Our client was an adult son of the deceased. The deceased had left a small estate but had relatively superannuation entitlements from State Super. Our client had been left no provision under his father’s Will who had gifted all of his estate and superannuation entitlements to other family members.
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Previous lawyers had advised our client that his case was difficult due to the nature and value of the estate. The Court has wide powers to claw other assets outside of a deceased’s assets, for example, superannuation entitlements. The deceased’s superannuation was held in State Superannuation which does not fall within the scope of the Superannuation Industry (Supervision) Act 1993 and has key differences in the potential beneficiaries of a deceased’s superannuation. A dispute arose as to whether the deceased’s superannuation would be available for our client’s claim.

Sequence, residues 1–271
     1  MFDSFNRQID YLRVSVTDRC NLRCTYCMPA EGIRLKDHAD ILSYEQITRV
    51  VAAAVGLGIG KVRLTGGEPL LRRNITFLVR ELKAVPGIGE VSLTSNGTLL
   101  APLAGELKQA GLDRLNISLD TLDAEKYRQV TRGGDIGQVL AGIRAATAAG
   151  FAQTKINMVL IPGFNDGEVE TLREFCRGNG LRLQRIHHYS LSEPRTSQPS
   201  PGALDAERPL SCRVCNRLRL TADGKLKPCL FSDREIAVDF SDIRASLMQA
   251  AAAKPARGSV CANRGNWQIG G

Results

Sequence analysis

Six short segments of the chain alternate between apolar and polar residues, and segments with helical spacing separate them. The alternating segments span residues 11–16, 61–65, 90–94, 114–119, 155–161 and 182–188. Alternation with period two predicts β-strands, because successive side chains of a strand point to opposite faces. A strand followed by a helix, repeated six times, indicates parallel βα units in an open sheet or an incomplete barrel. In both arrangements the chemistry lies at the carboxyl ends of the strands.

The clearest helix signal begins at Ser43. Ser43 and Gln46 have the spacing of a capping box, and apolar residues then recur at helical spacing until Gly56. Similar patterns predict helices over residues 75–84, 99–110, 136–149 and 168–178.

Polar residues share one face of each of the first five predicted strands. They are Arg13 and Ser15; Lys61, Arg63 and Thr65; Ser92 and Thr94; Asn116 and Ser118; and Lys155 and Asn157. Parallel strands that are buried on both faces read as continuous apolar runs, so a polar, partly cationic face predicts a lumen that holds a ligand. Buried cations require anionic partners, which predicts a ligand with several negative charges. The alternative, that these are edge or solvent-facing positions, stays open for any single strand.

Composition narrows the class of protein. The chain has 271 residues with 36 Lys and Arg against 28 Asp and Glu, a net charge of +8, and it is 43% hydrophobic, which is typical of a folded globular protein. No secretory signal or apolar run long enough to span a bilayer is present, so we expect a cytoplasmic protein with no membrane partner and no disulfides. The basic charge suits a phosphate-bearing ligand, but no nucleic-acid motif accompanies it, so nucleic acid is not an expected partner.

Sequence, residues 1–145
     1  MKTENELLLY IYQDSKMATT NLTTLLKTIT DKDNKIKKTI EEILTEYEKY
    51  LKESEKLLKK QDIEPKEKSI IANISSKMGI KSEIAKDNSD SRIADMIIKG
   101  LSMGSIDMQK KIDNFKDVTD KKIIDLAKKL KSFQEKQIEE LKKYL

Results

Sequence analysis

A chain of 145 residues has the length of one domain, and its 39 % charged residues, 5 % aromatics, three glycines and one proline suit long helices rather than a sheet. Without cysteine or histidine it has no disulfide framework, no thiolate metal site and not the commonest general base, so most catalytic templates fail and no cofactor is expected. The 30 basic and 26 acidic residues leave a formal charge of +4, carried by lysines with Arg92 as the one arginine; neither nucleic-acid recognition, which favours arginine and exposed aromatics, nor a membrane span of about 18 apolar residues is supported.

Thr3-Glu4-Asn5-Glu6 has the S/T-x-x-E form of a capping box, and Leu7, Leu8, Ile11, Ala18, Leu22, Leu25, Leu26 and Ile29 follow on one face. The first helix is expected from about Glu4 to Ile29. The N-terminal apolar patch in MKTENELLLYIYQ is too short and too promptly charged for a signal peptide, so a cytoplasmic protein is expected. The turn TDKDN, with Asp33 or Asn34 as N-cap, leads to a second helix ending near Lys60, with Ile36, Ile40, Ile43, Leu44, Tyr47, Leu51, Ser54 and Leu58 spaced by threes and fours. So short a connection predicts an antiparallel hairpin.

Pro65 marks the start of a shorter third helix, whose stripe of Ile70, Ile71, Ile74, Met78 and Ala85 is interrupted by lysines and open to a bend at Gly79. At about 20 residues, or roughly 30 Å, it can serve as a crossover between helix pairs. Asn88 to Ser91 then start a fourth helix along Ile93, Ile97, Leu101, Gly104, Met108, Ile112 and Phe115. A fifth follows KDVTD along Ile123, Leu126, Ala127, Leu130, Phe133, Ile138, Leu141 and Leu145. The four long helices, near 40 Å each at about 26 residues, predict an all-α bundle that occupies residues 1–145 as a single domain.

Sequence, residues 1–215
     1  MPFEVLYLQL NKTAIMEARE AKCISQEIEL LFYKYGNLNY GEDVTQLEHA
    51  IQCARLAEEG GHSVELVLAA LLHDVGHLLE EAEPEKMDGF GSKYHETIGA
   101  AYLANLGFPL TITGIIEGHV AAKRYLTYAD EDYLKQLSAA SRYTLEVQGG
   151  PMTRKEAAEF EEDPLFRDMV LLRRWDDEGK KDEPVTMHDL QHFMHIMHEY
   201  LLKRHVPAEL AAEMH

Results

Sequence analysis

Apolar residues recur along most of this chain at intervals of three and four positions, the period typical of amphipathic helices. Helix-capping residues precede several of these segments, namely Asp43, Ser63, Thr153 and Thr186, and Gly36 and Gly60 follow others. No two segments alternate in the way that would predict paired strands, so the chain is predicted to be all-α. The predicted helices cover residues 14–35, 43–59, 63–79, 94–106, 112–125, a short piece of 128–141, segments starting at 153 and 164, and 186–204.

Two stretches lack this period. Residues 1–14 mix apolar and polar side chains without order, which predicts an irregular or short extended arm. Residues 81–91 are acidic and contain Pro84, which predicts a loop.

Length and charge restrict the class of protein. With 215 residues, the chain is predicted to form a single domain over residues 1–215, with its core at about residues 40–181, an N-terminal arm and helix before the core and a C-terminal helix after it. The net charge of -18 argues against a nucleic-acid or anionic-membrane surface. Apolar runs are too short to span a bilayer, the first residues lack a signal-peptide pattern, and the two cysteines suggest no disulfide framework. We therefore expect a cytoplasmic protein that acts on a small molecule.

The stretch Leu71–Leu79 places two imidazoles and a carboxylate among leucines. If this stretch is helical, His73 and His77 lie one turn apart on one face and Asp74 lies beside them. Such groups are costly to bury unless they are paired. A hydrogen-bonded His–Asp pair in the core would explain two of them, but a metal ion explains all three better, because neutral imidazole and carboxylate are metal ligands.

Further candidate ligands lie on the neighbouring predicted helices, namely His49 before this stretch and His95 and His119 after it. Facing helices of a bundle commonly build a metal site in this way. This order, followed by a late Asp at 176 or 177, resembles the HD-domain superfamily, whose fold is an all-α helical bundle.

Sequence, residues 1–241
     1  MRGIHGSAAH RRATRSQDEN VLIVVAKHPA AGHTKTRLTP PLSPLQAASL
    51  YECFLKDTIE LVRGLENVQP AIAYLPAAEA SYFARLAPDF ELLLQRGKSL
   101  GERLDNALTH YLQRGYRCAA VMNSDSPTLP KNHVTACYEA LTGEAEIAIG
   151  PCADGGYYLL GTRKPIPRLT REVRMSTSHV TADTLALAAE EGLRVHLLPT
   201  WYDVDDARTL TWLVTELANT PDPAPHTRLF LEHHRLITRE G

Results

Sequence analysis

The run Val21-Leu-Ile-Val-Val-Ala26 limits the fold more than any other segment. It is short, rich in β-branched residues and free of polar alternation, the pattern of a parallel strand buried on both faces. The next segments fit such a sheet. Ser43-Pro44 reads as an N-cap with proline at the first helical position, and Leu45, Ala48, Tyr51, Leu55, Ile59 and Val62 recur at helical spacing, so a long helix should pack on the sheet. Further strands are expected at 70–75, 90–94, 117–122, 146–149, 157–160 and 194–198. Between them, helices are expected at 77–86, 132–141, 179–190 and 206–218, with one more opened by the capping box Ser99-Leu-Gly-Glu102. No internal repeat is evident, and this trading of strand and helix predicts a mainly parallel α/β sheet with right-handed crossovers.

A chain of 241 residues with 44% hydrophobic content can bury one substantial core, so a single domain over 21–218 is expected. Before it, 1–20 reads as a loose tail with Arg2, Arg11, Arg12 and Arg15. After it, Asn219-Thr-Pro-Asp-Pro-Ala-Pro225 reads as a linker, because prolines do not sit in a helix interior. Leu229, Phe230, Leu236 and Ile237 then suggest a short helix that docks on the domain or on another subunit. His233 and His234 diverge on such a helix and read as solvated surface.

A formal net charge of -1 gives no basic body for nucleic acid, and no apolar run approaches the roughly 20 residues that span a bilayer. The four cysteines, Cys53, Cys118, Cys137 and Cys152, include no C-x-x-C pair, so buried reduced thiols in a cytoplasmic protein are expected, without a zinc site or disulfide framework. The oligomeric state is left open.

We were able to settle our client’s family provision claim against the estate. We first established that it was significantly clear within the provisions of the family provision claim legislation that the State Superannuation entitlements were notional estate. Generally, State Superannuation entitlements cannot be paid to the estate of a deceased member but must be paid to a specific eligible person. Notwithstanding these restrictions of the distribution, a combination of the family provision claim legislation and the NSW Superannuation Act (Superannuation Act 1916) would allow the entitlements to be paid to the estate for the purpose of a family provision claim. After establishing the minimal estate and superannuation entitlement were available for our client’s claim, the matter settled on the basis of a larger valued estate.